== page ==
When Caregivers Have to Call the Police

Your partner, who has dementia, is getting aggressive. He or she may not recognize you despite the fact that you have been married for many years. Your children are grown and you were looking forward to enjoying your grandchildren and perhaps spending time doing the things you didn’t have time for when every day was filled with deadlines and obligations.

Dementia changed everything. Now the person who was always at your side when things went wrong can suddenly turn on you, becoming more aggressive and volatile by the moment. You have no choice, you have to call for help.

Depending on the information your local law enforcement agency has received, things can be resolved in a matter of minutes or they can become worse in even less time. The situation is emotionally charged. The person with dementia feels threatened and is prepared to defend himself of herself. You may be frightened or angry, perhaps both. What is needed in a situation like this is a clear head and a calm voice.

In order for law enforcement to respond in this way, they have to know what they are walking into.  By doing the following you can help prevent misunderstandings and overreactions and assist in creating a positive outcome for all concerned.

  1. Upon diagnosis contact police, fire, and rescue organizations in your area and let them know that there is a person in your home with dementia and you may need assistance in the future. Provide them with the name and age of the person in care, the diagnosis, and any other pertinent information they request. Give them your contact information and an alternate emergency contact if there is one available.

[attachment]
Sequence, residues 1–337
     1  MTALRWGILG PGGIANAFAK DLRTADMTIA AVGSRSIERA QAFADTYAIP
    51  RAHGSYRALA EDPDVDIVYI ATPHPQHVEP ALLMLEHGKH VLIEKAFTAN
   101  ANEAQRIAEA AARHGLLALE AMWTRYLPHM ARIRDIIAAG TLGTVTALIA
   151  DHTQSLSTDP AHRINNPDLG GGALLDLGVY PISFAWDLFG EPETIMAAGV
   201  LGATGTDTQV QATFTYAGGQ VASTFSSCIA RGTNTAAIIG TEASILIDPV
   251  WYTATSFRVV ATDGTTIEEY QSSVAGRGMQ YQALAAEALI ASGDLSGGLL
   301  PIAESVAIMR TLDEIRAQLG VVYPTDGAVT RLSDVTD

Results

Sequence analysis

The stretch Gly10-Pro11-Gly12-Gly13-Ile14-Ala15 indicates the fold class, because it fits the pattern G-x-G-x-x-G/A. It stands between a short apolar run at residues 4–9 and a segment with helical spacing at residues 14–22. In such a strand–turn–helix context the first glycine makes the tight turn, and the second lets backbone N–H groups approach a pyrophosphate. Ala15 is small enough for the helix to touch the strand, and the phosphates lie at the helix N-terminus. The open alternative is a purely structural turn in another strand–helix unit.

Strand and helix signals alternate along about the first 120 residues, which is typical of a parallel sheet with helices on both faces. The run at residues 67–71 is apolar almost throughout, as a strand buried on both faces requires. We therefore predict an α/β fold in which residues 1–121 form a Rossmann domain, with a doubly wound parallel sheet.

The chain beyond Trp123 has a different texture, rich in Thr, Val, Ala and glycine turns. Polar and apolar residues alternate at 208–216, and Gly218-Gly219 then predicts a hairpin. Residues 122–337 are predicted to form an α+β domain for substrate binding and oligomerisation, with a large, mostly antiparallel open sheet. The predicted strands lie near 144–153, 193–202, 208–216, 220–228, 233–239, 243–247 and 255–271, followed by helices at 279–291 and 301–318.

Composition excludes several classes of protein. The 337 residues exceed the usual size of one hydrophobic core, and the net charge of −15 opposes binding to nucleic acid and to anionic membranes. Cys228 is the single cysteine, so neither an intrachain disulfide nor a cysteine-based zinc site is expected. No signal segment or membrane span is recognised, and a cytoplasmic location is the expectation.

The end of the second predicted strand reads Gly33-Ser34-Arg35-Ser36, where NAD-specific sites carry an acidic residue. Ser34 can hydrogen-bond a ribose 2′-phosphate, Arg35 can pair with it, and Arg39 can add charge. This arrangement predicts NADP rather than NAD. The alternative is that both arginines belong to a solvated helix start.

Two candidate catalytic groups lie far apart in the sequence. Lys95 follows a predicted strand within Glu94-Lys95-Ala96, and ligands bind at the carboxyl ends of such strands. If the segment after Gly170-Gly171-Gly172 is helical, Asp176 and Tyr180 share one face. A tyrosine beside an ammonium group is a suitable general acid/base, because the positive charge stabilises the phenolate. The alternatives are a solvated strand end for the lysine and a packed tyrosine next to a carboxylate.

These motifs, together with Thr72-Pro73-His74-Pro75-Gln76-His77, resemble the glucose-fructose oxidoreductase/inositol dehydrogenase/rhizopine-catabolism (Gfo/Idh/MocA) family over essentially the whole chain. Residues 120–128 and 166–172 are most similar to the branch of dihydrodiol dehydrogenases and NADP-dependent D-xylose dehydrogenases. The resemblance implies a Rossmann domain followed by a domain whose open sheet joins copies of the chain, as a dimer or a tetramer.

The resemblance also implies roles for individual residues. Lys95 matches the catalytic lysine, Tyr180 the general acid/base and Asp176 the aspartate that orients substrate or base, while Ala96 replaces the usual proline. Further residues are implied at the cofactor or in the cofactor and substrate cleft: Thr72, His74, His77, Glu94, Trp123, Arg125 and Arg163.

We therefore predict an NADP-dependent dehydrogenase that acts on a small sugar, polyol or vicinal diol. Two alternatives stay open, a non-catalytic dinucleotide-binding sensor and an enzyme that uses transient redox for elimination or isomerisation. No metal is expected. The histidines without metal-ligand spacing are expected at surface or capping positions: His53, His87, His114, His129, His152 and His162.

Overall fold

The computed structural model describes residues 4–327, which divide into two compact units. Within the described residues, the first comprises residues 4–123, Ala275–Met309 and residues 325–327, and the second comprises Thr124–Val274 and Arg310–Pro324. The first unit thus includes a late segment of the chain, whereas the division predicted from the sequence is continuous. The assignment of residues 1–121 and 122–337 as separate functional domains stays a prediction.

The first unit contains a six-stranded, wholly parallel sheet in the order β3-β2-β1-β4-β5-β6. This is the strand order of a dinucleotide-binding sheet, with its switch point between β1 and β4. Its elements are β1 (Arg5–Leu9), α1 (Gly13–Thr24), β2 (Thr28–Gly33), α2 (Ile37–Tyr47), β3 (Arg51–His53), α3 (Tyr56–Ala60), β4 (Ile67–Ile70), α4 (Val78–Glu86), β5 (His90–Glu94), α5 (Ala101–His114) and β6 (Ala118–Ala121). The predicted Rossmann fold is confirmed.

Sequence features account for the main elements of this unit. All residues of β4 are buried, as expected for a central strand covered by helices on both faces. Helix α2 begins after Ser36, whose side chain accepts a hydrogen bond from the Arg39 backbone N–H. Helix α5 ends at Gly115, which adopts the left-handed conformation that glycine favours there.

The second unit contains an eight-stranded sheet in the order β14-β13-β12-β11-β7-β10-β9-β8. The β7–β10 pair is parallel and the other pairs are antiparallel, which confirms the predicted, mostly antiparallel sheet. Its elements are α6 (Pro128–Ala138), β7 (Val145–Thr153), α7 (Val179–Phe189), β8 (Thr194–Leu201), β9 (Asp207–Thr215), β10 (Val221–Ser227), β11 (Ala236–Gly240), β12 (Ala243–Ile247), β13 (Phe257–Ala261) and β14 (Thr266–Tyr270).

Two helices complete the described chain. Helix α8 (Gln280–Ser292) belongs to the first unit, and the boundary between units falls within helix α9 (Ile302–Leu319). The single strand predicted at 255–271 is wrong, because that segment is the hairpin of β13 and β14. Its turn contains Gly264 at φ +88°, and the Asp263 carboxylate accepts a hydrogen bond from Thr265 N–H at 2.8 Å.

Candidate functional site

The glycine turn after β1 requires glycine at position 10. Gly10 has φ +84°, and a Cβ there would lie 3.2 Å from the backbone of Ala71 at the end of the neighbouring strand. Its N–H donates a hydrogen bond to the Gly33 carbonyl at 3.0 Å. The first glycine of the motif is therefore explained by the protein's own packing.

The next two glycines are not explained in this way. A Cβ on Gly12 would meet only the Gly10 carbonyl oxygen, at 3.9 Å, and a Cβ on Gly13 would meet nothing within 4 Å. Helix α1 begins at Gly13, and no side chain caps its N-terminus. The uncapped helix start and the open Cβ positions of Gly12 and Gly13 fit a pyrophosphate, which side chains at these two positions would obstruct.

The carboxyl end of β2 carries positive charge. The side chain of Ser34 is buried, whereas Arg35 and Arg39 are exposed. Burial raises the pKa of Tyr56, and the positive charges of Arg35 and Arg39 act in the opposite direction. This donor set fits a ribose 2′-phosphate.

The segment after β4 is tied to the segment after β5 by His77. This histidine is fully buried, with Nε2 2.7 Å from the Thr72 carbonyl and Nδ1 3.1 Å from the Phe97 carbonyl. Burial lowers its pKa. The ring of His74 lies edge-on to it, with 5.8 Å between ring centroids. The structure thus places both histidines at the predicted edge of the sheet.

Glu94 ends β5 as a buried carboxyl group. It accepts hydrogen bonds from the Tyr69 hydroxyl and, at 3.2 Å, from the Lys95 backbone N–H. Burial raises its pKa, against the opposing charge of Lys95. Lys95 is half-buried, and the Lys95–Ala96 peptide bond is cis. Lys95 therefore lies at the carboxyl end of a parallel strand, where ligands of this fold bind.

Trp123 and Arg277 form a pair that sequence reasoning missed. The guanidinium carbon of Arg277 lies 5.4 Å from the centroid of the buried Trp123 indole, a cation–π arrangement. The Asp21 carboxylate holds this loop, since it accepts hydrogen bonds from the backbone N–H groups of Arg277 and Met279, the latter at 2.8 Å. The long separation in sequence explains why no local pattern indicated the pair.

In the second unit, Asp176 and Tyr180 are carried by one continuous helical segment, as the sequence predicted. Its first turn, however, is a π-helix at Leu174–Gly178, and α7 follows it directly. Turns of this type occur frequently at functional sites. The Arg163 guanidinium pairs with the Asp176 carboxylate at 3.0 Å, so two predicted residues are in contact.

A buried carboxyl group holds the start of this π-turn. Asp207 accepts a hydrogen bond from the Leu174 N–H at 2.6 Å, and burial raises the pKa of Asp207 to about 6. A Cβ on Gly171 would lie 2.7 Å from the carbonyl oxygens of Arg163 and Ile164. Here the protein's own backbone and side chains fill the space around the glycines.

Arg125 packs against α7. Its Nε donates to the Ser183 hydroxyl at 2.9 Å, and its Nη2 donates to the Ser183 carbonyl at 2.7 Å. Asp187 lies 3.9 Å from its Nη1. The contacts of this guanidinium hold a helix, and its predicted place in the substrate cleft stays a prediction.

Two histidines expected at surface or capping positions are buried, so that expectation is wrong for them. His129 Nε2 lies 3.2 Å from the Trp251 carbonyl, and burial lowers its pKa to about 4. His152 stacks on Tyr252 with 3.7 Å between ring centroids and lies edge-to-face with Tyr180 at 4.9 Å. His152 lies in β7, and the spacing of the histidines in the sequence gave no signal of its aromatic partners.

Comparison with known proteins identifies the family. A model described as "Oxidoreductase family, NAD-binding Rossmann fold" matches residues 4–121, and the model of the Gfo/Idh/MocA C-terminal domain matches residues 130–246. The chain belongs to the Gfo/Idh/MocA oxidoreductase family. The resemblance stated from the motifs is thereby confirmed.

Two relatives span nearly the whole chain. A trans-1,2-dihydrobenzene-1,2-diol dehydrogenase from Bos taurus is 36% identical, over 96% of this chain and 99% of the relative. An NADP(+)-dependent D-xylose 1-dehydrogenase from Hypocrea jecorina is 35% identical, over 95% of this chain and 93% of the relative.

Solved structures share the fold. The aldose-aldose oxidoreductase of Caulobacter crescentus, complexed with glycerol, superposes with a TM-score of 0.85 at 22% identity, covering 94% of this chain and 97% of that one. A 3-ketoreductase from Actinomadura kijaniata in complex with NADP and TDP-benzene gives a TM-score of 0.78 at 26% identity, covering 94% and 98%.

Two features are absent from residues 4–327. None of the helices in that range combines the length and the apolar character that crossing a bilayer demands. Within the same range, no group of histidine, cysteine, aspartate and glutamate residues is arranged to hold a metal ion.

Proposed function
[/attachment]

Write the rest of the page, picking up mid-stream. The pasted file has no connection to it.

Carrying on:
2. Keep close at hand an updated list of all medications prescribed for them and the names and contact information of treating physicians.
  3. As soon as you feel the person in your care may be a danger to you or themselves, disengage. Do not argue or try to reason with your family member. It will not help and may make things worse.
  4. Go to a place of safety and call 911.
  5. Inform the emergency operator that there is someone with dementia in the home and you need assistance in calming him or her.
  6. Once help arrives, allow the professionals to do their work while you remain calm and keep your distance.

It is never easy to deal with a situation like this. However, being prepared before it happens can help bring about a safer resolution for everyone.

To learn more about Bobbi Carducci and her work with caregiving, visit www.bobbicarducci.com or www.theimperfectcaregiver.com. You can find her book, Confessions of an Imperfect Caregiver here.

10/9/2019 7:00:00 AM
Bobbi Carducci
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Bobbi Carducci was a caregiver for her father-in-law with dementia for seven years. She is a caregiver support group leader, blogger, author of the book, Confessions of an Imperfect Caregiver, and national speaker on caregiver issues. www.bobbicarducci.com www.theimperfectcaregiver.com You can follow her on Twitter @Bobb...
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